Missiles that blew up in their silos and ejected their nuclear warheads outside of the confines of the silo. B52 aircraft that collided with tankers and scattered nuclear weapons across the coast and into the offshore seas of Spain. A B52 bomber with nuclear weapons aboard that crashed in North Carolina, and on investigation it was discovered that one of those weapons, 6 of the 7 safety devices that prevent a nuclear explosion had failed as a result of the crash. There are dozens of such incidents. Nuclear missile-laden submarines that experienced catastrophic accidents and now lie at the bottom of the ocean.


I was also a principal nuclear advisor to the President of the United States. What that required of me was to be prepared on a moment’s notice, day or night, 7 days a week, 365 days a year to be within three rings of my telephone and to respond to this question from the President:


“General, the nation is under nuclear attack. I must decide in minutes how to respond. What is your recommendation with regard to the nature of our reply?”


In the 36 months that I was a principal nuclear advisor to the President, I participated every month in an exercise known as a missile threat conference. Virtually without exception, that threat conference began with a scenario which encompassed one, then several, dozens, then hundreds and finally thousands of inbound thermonuclear warheads to the United States. By the time that attack was assessed, characterized and sufficient information available with some certainty in appreciation of the circumstance, at most he had 12 minutes to make that decision. 12 minutes. For a decision, which coupled with that of whatever person half a world away who may have initiated such an attack, held at risk not only the survival of the antagonists, but the fate of mankind in its entirety. The prospect of some 20,000 thermonuclear warheads being exploded within a period of several hours. Sad to say, the poised practitioners of the nuclear art never understood the holistic consequences of such an attack, nor do they today.


I never appreciated that until I came to grips with my third responsibility, which was for the nuclear war plan of the United States.


Even at the late date of January 1991, when the Cold War had already been declared over with the signing of the Conventional Forces in Europe treaty in Paris in December of 1990, when I went downstairs on my first day in office to meet my war planners in the bowels of my headquarters. I finally for the first time in 30 years was allowed full access to the war plan. Even having some sense of what it encompassed, I was shocked to see that in fact it was defined by 12,500 targets in the former Warsaw Pact to be attacked by some 10,000 nuclear weapons, virtually simultaneously in the worst of circumstances, which is what we always assumed. I made it my business to examine in some detail every single one of those targets. I doubt that that had ever been done by anyone, because the war plan was divided up into sections and each section was the responsibility of some different group of people. My staff was aghast when I told them I intended to look at every single target individually. My rationale was very simple. If there had been only one target, surely I would have to know every conceivable detail about it, why it was selected, what kind of weapon would strike it, what the consequences would be. My point was simply this: Why should I feel in any way less responsible simply because there was a large number of targets. I wanted to look at every one.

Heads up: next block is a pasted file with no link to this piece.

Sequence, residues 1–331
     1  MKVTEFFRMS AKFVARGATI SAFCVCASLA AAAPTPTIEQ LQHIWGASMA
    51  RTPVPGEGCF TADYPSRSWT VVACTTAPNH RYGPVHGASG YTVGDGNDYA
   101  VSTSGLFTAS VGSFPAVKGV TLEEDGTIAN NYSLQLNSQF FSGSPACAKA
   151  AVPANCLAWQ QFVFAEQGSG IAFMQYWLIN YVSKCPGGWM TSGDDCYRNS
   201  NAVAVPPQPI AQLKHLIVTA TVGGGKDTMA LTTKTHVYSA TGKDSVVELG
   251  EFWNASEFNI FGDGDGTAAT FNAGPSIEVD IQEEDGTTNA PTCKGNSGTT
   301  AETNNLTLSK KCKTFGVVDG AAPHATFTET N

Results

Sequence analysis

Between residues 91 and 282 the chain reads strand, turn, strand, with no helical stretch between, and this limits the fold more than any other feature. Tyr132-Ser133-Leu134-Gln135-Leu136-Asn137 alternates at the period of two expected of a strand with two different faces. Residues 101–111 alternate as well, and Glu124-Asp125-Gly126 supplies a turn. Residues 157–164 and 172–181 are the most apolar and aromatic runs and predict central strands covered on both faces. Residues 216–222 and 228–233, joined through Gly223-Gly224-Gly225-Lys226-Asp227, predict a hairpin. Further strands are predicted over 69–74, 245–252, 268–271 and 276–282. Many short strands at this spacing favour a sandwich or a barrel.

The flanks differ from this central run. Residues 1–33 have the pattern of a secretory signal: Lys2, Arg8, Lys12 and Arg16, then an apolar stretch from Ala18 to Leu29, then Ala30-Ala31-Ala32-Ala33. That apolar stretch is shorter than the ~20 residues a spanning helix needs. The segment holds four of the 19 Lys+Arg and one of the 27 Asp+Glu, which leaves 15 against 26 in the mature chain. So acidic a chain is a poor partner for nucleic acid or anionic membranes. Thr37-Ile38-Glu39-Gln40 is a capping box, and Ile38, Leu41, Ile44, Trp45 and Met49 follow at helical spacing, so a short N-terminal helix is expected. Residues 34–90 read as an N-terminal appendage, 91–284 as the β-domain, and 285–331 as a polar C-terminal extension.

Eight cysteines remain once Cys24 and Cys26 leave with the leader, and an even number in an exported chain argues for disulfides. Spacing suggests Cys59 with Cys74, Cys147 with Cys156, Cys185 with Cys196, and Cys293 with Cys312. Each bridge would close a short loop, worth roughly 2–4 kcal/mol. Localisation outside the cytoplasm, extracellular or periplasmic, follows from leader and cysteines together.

At the conclusion of that exercise I finally came to understand the true meaning of MAD, Mutually Assured Destruction. With the possible exception of the Soviet nuclear war plan, this was the single most absurd and irresponsible document I had ever reviewed in my life. I was sufficiently outraged that as my examination proceeded, I alerted my superiors in Washington about my concerns, and the shortest version of all of that is, having come to the end of a three decade journey, I came to fully appreciate the truth that now makes me seem so odd. And that is: we escaped the Cold War without a nuclear holocaust by some combination of skill, luck and divine intervention, and I suspect the latter in greatest proportion.


The saving grace was that truly the Cold War was ending at this very moment and therefore I was faced with a decision of great personal consequence. Now having fully to appreciate the magnitude of our nuclear capability and what it implied, when joined in an unholy alliance with its Soviet counterpart, what was I to do? Awaiting in my inbox were $40 billion of new strategic nuclear weapons modernization programs, wanting only my signature. What should be our goals for the next rounds of arms control negotiations? How hard should I fight to maintain the budget of strategic forces, to keep bases open in the face of base closure commissions? And what to do with the nuclear war plan in all of its excess? My conclusion was very simple, that I of all people had the responsibility to be at the forefront of the effort to begin to close the nuclear age. That mankind, having been spared a nuclear holocaust, had now as its principle priority to begin to walk back the nuclear cat, to learn the lessons of the nuclear dimensions of the Cold War, in the interest that others might never go down that path again.